Lidocaine throat spray reduces cough frequency in patients with refractory chronic cough
Lidocaine, delivered as a throat spray to the pharynx, reduced cough frequency in adults with refractory chronic cough, according to data published in the Journal of Allergy and Clinical Immunology: In Practice.
“This is the first placebo-controlled study to evaluate the effects of inhaled and topical lidocaine in patients with chronic cough. Contrary to our expectations, we demonstrated that a single dose of lidocaine throat spray resulted in a significant reduction in objective cough frequency in patients with refractory chronic cough, compared with both nebulized lidocaine and placebo,” Rayid Abdulqawi, MBBS, MRCP, PhD, honorary senior lecturer in the division of infection, immunity and respiratory medicine at the University of Manchester and Manchester Academic Health Science Centre, U.K., and adjunct assistant professor in the department of medicine at Alfaisal University and consultant in internal and pulmonary medicine at Dr. Sulaiman Al Habib Medical Group in Riyadh, Saudi Arabia, and colleagues wrote.
The randomized, double-blind, double-dummy, placebo-controlled, crossover study included 26 participants (mean age, 53.5 years; 84.6% women) with refractory chronic cough. Participants were randomly assigned to nebulized lidocaine 600 mg followed by placebo throat spray, nebulized placebo followed by placebo throat spray or nebulized placebo followed by lidocaine 100 mg delivered by throat spray.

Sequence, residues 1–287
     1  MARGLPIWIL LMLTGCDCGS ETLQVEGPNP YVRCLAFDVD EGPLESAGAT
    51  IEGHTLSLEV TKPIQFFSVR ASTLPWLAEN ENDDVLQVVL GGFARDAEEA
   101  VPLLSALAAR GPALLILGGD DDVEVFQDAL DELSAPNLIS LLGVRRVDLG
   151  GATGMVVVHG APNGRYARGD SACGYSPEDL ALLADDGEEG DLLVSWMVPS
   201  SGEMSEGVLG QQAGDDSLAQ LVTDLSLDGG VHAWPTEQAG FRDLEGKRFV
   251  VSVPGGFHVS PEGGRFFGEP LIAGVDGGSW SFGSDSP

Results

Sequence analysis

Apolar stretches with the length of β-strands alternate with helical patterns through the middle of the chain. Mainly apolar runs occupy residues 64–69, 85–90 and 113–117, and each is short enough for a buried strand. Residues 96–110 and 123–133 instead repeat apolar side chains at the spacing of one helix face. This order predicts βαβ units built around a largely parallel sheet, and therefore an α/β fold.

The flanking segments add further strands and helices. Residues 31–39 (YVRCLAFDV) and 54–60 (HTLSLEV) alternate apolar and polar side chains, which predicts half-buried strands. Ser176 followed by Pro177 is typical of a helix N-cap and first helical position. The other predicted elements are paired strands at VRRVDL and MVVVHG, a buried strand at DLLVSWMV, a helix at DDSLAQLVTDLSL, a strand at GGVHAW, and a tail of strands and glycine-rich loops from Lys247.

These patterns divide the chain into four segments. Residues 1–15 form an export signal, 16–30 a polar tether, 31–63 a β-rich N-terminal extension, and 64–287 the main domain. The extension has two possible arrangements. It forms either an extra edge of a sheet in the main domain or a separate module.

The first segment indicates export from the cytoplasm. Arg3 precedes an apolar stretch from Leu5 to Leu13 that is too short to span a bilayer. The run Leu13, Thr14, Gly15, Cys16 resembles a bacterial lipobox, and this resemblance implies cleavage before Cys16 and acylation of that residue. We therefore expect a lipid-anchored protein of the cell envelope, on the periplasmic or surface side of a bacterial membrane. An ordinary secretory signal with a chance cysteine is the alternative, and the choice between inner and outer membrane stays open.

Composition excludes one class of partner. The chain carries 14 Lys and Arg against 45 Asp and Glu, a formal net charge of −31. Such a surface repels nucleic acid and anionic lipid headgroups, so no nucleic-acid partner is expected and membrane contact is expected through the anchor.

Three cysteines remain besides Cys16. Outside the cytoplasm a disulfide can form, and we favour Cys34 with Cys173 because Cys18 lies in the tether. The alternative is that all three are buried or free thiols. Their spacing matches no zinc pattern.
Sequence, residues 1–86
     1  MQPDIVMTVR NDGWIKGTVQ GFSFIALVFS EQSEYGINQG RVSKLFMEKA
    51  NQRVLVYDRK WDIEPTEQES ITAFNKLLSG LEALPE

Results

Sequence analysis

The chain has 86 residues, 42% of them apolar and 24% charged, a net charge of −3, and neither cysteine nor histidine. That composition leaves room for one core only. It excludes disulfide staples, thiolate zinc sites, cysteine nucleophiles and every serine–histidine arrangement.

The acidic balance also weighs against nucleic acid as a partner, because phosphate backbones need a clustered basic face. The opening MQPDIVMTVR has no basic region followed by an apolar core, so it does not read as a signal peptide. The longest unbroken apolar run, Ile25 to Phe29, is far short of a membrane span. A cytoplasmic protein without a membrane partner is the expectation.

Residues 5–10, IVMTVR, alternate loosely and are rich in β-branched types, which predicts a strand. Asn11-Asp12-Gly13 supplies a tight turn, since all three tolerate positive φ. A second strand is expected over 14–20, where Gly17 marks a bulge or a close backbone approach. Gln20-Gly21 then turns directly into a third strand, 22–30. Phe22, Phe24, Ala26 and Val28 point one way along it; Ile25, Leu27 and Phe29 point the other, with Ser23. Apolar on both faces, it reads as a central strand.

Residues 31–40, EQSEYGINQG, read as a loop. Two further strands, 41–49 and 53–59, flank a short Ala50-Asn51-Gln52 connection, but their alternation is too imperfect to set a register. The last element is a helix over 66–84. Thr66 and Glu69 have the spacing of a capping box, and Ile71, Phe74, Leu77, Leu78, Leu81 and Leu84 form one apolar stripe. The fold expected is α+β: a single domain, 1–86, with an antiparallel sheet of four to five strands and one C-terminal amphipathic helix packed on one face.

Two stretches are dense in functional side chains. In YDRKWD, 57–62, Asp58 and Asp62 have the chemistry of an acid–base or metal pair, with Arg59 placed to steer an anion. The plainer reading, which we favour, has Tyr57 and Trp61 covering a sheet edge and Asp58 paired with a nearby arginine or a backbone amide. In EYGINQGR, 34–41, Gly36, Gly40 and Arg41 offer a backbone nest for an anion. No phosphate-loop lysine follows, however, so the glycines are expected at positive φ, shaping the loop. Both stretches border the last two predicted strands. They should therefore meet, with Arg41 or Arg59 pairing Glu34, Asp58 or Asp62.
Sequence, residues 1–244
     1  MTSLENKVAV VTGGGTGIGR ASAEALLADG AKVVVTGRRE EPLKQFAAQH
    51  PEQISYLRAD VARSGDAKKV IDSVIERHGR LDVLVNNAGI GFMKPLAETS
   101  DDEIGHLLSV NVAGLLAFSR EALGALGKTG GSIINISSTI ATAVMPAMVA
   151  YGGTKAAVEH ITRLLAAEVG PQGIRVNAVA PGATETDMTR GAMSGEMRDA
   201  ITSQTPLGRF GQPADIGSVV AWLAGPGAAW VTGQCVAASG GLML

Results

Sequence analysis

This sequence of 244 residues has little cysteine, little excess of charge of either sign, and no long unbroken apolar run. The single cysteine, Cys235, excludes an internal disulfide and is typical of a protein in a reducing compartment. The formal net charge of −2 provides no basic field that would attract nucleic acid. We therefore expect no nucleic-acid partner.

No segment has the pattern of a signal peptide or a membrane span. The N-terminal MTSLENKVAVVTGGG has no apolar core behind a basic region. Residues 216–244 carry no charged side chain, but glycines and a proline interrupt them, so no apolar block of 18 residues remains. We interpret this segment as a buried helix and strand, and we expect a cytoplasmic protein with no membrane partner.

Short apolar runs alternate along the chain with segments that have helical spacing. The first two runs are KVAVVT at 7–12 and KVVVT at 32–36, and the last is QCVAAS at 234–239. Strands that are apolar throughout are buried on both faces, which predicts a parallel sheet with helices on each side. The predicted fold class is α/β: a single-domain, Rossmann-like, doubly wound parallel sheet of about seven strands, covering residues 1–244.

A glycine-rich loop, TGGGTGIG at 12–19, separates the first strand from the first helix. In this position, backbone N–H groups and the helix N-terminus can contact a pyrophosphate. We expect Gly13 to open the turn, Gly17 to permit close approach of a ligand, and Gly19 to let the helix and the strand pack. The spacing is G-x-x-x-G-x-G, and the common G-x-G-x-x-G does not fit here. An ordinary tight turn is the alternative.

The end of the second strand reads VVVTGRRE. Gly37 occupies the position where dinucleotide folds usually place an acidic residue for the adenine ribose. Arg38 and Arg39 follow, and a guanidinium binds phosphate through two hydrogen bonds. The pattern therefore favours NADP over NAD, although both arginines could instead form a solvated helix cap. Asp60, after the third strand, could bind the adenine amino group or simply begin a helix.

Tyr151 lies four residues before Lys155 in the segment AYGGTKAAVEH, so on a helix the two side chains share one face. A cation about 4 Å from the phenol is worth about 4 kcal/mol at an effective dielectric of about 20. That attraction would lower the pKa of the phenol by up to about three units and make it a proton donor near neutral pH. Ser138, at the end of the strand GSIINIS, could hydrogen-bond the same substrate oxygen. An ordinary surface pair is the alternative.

The primary outcome measure was cough frequency within 10 hours after treatment. Secondary outcomes included visual analog scale scores for urge-to-cough and cough severity.
The group that received lidocaine throat spray but not nebulized lidocaine had reduced cough frequency 10 hours after treatment compared with placebo (22.6 coughs per hour vs. 27.6 coughs per hour with placebo spray and 26.9 coughs per hour with nebulized lidocaine; P = .04).
The greatest effect on cough reduction occurred in the first hour after administration with lidocaine throat spray compared with placebo (31.7 coughs per hour vs. 74.2 coughs per hour; P = .004).
For secondary outcomes, nebulizer and lidocaine throat spray cough treatments reduced the urge-to-cough and cough severity visual analog scale scores compared with placebo (P < .05).
The researchers reported no serious adverse events associated with lidocaine throat spray.
“This study provides proof-of-concept evidence that blocking [voltage-gated sodium channels] has antitussive effects in patients with refractory chronic cough,” the researchers wrote.